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MUFULIRA district medical officer George Mukupa (left) and district commissioner Zakeyo Kamanga during the tour of one of the newly constructed health posts. PICTURE: CHRISTINE CHIHAME

Health posts construction on course

WHEN it was time for Joyce Monde, a resident of Mukuba Chantente farm block in Mufulira, to give birth, she had to cover a distance of about 25 kilometres to deliver at the nearest health centre.
But the distance was too much, and Ms Monde ended up giving birth on her way.
Like most rural and peri-urban parts of the country, Mukuba Chantente residents have been grappling with the problem of lack of access to health centres.
But this will soon be a thing of the past; at least for the people of Mukuba Chantente and other areas where Government is set to construct health centres as part of the 650 health posts to be constructed across the country.
The only major concern, though, is the delay in the construction. A case in point is Mufulira where, of the 11 health posts to be constructed, only one has been completed.
The district administration leadership is not happy with the scenario.
“I am not impressed with the rate at which the construction of the 11 health posts is being done. I am disappointed at the slow pace at which the contractors are moving,” says Mufulira district commissioner Zakeyo Kamanga.
Mr Kamanga, who recently inspected the works, wants construction of the health posts completed this year so that the people residing in the areas that are not serviced with the health facilities get to benefit. The aim of the government is to take quality healthcare services as close to the people as possible.
“Government is constructing the health posts with the aim of taking healthcare services right at people’s doorsteps and ensuring equal access to cost-effective and quality healthcare services among our citizens,” he says.
Mufulira district medical officer George Mukupa says once completed, the facilities will help mitigate the health challenges being faced by the residents.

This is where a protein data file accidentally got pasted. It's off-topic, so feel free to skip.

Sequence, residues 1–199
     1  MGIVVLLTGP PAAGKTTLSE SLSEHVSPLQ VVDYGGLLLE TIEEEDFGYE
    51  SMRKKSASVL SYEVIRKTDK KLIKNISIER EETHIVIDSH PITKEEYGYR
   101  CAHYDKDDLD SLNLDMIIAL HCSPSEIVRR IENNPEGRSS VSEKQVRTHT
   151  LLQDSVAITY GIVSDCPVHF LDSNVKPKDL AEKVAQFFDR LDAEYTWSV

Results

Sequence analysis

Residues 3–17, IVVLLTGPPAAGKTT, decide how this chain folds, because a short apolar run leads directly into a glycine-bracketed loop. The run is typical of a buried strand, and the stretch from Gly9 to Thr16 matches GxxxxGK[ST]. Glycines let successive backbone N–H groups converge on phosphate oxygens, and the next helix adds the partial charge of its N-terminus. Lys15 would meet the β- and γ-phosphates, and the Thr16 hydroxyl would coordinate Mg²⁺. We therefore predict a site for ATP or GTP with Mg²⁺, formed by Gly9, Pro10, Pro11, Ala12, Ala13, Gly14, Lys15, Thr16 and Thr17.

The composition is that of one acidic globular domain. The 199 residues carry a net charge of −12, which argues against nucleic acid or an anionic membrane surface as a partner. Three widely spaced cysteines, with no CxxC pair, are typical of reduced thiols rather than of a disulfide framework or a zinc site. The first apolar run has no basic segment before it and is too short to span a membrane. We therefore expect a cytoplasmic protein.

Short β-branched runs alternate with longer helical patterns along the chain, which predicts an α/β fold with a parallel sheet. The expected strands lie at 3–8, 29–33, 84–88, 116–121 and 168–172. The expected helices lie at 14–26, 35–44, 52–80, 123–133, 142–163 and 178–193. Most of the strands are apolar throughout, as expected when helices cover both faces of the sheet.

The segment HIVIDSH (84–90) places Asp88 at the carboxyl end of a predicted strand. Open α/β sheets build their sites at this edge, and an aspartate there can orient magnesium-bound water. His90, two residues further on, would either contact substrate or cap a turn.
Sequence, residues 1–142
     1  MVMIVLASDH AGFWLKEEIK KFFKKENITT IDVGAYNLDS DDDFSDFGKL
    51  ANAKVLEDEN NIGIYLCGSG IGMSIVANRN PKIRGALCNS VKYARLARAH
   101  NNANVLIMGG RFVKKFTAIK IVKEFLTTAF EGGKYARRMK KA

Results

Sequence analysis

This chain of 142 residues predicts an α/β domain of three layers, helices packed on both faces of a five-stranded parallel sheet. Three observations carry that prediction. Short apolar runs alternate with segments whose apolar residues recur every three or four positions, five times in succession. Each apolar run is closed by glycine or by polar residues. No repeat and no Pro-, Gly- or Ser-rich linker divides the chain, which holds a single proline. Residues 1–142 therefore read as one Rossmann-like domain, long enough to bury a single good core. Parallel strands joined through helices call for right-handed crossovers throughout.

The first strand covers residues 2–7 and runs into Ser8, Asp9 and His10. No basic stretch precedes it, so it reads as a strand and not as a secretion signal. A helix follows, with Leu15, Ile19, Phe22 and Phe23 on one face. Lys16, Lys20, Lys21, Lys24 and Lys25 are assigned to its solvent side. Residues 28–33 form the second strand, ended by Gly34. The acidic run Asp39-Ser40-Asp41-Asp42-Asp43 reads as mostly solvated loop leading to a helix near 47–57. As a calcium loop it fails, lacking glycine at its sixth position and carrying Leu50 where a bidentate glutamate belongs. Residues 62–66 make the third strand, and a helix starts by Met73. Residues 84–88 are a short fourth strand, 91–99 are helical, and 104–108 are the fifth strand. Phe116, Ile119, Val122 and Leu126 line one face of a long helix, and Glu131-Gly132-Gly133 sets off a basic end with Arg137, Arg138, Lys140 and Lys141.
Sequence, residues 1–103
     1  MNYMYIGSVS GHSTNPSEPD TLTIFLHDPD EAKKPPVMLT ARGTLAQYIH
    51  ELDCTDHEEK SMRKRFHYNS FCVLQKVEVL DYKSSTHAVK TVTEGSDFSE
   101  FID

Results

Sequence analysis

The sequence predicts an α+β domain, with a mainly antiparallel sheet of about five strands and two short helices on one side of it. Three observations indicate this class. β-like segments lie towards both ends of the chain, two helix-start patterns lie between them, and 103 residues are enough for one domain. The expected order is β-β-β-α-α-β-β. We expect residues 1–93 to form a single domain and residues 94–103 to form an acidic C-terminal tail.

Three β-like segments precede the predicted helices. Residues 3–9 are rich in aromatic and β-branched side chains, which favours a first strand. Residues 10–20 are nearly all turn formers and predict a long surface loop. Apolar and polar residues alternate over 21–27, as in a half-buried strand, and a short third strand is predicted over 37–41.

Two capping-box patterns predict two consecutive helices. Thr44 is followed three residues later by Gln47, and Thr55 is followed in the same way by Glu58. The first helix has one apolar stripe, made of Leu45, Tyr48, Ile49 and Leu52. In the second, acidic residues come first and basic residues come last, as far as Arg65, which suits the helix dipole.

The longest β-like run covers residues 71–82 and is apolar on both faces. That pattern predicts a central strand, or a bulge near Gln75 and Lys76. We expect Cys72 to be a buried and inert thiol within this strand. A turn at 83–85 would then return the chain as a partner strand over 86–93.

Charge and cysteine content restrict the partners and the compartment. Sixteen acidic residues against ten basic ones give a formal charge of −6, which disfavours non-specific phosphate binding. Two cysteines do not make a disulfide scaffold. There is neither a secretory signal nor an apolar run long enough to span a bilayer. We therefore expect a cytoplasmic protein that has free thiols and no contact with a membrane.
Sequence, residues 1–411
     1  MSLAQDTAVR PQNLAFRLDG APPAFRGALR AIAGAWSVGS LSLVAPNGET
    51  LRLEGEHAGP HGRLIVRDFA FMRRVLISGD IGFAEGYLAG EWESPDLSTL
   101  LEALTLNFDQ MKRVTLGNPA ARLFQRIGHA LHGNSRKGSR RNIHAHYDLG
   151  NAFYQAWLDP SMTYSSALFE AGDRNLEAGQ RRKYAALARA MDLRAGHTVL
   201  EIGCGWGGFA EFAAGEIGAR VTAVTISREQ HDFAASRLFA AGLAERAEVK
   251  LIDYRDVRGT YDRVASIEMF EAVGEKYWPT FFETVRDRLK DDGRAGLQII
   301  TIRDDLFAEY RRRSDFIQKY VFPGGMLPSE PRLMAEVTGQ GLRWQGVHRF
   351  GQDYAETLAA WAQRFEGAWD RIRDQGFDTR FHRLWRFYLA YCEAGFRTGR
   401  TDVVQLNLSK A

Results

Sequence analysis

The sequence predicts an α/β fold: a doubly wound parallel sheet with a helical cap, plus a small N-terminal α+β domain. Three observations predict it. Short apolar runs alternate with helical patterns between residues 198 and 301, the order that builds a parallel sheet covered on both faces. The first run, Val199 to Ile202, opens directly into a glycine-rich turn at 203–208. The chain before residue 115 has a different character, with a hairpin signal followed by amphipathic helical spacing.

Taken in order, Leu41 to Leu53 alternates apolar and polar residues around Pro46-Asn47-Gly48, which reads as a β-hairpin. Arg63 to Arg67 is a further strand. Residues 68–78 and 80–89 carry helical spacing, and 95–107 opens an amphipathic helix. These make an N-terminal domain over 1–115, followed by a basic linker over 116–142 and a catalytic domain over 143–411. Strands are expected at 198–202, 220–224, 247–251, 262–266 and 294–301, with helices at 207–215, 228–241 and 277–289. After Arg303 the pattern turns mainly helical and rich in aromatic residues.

No one knows better the challenges than Ms Monde, having given birth on her way to the nearest clinic.
Ms Monde says a lot of women in Mukuba Chantente have lost their babies because of the distances involved in accessing health care.
“As I am speaking right now, my grandmother is very sick but we are scared of taking her to the hospital because it is too far and she might die on the way. There are no vehicles here,” Ms Monde told this writer.
“Mothers also die on their way to access a health facility. We mothers in the area give birth at home, which is not safe. We are grateful to the government for its decision to embark on the construction of health posts both in rural and urban areas.”
Another Mufulira resident, Felix Chinyama, who resides in Konkote farm block, is happy with the construction of the 11 health centres in the district, saying they will help address the problems the residents face.
“We’re just urging the government to ensure that the construction of the health posts is completed as soon as possible,” he says.
In a ministerial statement to Parliament in October 2013, Minister of Health Joseph Kasonde said the 650 health posts are being constructed through a US$50 million Indian government concession loan to the Zambian government. The loan agreement was signed on March 29, 2012.
Since the pronouncement was made, the Ministry of Health embarked on a number of activities to actualise the construction of the health posts. One of the major activities undertaken was the identification of sites across the country. The sites were identified and documented in the 2013 Ministry of Health Infrastructure Operational Plan.
In addition to the identification of sites, the ministry carried out a rigorous procurement process based on international best practices to identify contractors to build the health posts. For easy management of the procurement process, the 650 health posts were split into three lots to minimise the risk that may result if all the health posts were awarded to one contractor.
The lots were 208 health posts to Jaguar Overseas Limited at a cost of US$19,468,236 to construct posts in Central, Copperbelt and Eastern provinces; 247 posts to Angelic International at a cost of US$18,287,160 for construction in North-Western, Muchinga and Luapula provinces; and 195 to Megha Medical Centres at a cost of US$18,387,160 for posts in Western, Southern and Lusaka provinces.
This brings the total amount to US$55.9 million with Government making a provision of US$5.9 million excess.
Last month, though, Government terminated the contract of Angelic International Limited, which may delay the projects in Muchinga, Northern, Luapula and North-Western provinces.
But Health Deputy Minister Chitalu Chilufya says the construction of 650 health posts across the country will be completed by April 2016 as scheduled. He says 10 health posts are ready to be commissioned this year and 50 more within the course of this month.
Government is resolving all the challenges it is facing in ensuring completion of the construction of the health posts on schedule.
“We have strengthened our monitoring and evaluation team and our engineers are on the ground to ensure that projects are carried out in accordance with our standards,” Dr Chilufya says.
That is news that should certainly please Ms Monde.